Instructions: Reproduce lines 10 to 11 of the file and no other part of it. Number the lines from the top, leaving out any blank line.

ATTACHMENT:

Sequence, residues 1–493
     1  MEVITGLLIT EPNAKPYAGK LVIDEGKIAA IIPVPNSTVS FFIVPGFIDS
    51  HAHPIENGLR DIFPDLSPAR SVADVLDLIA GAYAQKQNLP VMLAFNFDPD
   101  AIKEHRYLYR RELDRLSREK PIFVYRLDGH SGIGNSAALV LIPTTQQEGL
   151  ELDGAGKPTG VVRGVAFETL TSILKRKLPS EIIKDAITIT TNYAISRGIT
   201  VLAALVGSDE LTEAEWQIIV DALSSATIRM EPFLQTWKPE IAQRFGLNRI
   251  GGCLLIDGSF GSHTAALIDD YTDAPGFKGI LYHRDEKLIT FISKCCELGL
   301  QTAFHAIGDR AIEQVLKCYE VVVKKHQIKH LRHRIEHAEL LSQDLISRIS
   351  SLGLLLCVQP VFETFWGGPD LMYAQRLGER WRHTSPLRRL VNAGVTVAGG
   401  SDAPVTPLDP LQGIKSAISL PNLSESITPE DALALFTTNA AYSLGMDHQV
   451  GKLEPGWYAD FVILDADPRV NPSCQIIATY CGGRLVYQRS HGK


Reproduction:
   401  SDAPVTPLDP LQGIKSAISL PNLSESITPE DALALFTTNA AYSLGMDHQV
   451  GKLEPGWYAD FVILDADPRV NPSCQIIATY CGGRLVYQRS HGK